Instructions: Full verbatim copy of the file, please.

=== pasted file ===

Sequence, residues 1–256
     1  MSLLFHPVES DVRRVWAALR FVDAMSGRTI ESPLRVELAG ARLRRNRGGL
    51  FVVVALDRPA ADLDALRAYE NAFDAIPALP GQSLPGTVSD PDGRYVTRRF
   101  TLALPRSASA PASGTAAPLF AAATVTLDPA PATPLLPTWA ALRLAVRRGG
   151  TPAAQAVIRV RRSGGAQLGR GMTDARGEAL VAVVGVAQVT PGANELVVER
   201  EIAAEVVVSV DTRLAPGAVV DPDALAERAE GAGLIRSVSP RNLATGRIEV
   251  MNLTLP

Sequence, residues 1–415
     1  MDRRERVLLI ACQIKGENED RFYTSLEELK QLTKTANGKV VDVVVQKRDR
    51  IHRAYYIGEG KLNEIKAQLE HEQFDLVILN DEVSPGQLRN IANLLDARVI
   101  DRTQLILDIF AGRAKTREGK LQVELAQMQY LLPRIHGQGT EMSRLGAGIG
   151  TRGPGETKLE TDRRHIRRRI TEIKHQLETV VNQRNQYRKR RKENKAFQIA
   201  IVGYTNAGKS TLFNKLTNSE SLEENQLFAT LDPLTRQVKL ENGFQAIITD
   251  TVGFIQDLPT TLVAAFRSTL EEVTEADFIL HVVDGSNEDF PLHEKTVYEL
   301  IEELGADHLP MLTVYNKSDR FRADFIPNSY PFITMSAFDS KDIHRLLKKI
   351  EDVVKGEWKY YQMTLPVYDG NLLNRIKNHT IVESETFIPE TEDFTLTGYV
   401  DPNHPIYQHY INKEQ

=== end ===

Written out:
Sequence, residues 1–256
     1  MSLLFHPVES DVRRVWAALR FVDAMSGRTI ESPLRVELAG ARLRRNRGGL
    51  FVVVALDRPA ADLDALRAYE NAFDAIPALP GQSLPGTVSD PDGRYVTRRF
   101  TLALPRSASA PASGTAAPLF AAATVTLDPA PATPLLPTWA ALRLAVRRGG
   151  TPAAQAVIRV RRSGGAQLGR GMTDARGEAL VAVVGVAQVT PGANELVVER
   201  EIAAEVVVSV DTRLAPGAVV DPDALAERAE GAGLIRSVSP RNLATGRIEV
   251  MNLTLP

Sequence, residues 1–415
     1  MDRRERVLLI ACQIKGENED RFYTSLEELK QLTKTANGKV VDVVVQKRDR
    51  IHRAYYIGEG KLNEIKAQLE HEQFDLVILN DEVSPGQLRN IANLLDARVI
   101  DRTQLILDIF AGRAKTREGK LQVELAQMQY LLPRIHGQGT EMSRLGAGIG
   151  TRGPGETKLE TDRRHIRRRI TEIKHQLETV VNQRNQYRKR RKENKAFQIA
   201  IVGYTNAGKS TLFNKLTNSE SLEENQLFAT LDPLTRQVKL ENGFQAIITD
   251  TVGFIQDLPT TLVAAFRSTL EEVTEADFIL HVVDGSNEDF PLHEKTVYEL
   301  IEELGADHLP MLTVYNKSDR FRADFIPNSY PFITMSAFDS KDIHRLLKKI
   351  EDVVKGEWKY YQMTLPVYDG NLLNRIKNHT IVESETFIPE TEDFTLTGYV
   401  DPNHPIYQHY INKEQ